Saturday, May 4, 2013

Lawmaker: $15 million for Cuba programs not enough

Lawmaker: More aid needed for democracy activists in Cuba from Tracey Eaton on Vimeo.

U.S. Rep. Ileana Ros-Lehtinen, R-Fla., is protesting planned cuts to USAID's budget for democracy programs in Cuba.
Cuban dissidents are "risking their lives, yet we are cutting their support," the lawmaker said.
In the Senate, Florida Republican Marco Rubio has similar complaints, calling the budget reduction "a terrible idea." (See "USAID may slash Cuba program").
During an April 25 budget hearing, Ros-Lehtinen told USAID Administrator Rajiv Shah that the budget cut was "not prudent."
Here is their exchange:
Ros-Lehtinen: In addition, Dr. Shah, I continue to be concerned over the administration’s attempts to cut much needed democracy programs to the Cuban people.

Forty pro-democracy activists remain on hunger strikes in Cuba to call attention to the dozens of Cubans who are being detained by Castro’s state security forces.
These brave heros are risking their lives yet we are cutting their support, which is not prudent, especially at a time when the crackdown by Castro’s thugs is actually on the rise on the island. 
Shah: And on Cuba, again, the goals there are support for civil society and democracy with some small humanitarian efforts. And we have worked closely with our partners. We believe the administration’s budget of $15 million reflects an appropriate investment that they have the capacity to implement.
We recognize and take some faith in the fact that GAO reviewed our approach to implementing this program and very strongly commented on the effective reforms we’ve put in place, to have a clear and compelling implementation strategy for this effort.
Shah's message: GAO signed off on USAID's Cuba programs and there's nothing else to debate.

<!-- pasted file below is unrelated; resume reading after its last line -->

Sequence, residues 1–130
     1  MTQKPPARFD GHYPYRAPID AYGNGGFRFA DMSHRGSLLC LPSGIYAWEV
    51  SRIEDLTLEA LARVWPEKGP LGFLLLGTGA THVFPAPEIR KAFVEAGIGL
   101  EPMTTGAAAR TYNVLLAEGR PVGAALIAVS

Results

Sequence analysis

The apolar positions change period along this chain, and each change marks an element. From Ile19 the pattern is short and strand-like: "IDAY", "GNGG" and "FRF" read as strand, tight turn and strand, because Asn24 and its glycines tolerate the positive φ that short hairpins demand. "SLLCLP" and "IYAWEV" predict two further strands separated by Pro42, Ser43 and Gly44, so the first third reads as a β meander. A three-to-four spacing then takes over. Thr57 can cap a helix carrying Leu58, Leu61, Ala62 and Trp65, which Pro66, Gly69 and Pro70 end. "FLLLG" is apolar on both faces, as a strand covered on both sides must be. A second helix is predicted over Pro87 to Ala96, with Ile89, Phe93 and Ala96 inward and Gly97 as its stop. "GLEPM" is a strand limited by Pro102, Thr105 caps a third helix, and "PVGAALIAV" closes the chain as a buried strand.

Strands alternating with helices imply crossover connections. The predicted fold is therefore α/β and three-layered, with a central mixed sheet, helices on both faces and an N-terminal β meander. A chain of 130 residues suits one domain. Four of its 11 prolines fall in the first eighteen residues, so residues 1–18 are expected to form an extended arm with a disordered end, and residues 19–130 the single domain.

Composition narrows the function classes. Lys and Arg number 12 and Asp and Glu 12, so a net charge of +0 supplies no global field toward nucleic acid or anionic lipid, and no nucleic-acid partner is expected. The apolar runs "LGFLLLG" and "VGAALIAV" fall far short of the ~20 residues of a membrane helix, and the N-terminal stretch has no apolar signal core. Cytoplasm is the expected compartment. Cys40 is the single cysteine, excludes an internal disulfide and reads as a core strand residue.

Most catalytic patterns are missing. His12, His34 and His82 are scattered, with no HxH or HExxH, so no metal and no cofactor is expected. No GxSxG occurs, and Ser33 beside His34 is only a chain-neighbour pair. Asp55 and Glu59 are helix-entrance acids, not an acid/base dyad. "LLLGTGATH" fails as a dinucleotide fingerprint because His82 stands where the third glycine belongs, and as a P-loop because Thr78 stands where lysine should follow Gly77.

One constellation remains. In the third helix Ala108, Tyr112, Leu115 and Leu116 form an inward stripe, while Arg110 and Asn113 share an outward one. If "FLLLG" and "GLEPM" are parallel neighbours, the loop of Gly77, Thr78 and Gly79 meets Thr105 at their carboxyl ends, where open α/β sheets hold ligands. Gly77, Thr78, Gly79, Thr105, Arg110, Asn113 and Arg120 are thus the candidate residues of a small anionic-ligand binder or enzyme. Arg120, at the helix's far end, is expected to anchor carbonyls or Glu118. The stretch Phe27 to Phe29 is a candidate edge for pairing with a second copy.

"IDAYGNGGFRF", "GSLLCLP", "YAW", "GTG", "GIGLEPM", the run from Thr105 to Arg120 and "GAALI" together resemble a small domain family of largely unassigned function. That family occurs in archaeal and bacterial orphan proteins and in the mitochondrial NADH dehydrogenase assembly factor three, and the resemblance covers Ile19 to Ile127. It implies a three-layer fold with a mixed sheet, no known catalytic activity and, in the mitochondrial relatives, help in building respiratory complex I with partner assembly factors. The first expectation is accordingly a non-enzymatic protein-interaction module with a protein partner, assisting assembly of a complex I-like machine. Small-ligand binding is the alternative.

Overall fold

Yet the GAO report was limited to "management and financial accounting as opposed to measuring impact and effectiveness in Cuba," Cuba analyst Phil Peters wrote.
GAO only examined a few basic points:
  • Is USAID following U.S. law?
  • Is the agency minimizing risk to participants?
  • Are official monitoring use of the money?
GAO's conclusion: USAID is doing just fine. (See "No Godiva chocolates: Sweet news for USAID").
It's unclear whether any U.S. officials are asking if there are any alternatives to USAID's largely covert democracy programs.
For the record, I don't oppose U.S. government efforts to boost democracy in Cuba. But I have questions about U.S. government tactics, and believe that a more thorough investigation of USAID's programs is warranted.
GAO investigators examined only 10 of the 111 awards give to USAID and the State Department from Oct. 1, 2005, through 2012.

Note: This article was shared with the Center for Democracy in the Americas as part of a six-month collaborative project with non-profit group. See more about our collaboration here.


BLT said...

You say: "For the record, I don't oppose U.S. government efforts to boost democracy in Cuba."

Exactly what would you like us to do to further democracy in Cuba? Teach them how to run elections like we are trying to do to Venezuala? Instruct them how to get involved in neighbouring countries' politics in what they consider their "own backyard?" Teach them how private enterprise can influence legislation in an advanced democracy? Let's boost our own first.

Tracey Eaton said...

There are plenty of diplomats and experts who could figure out alternatives to covert democracy promotion. I don't claim to have a solution to the more than 50-year-old U.S.-Cuba mess.
But I would look for alternatives to economic sanctions and then move toward normalization of relations. I would try to influence Cuba through engagement, not imposition. I would try talking.
We have normal relations with China, Vietnam and other countries with political systems that aren't like our own, and we have programs to promote democracy in those countries. I'd push to reach that point.

BLT said...

But what if they're happy with fixing their own system and don't want our help?

Tracey Eaton said...

Then we let them do their own thing.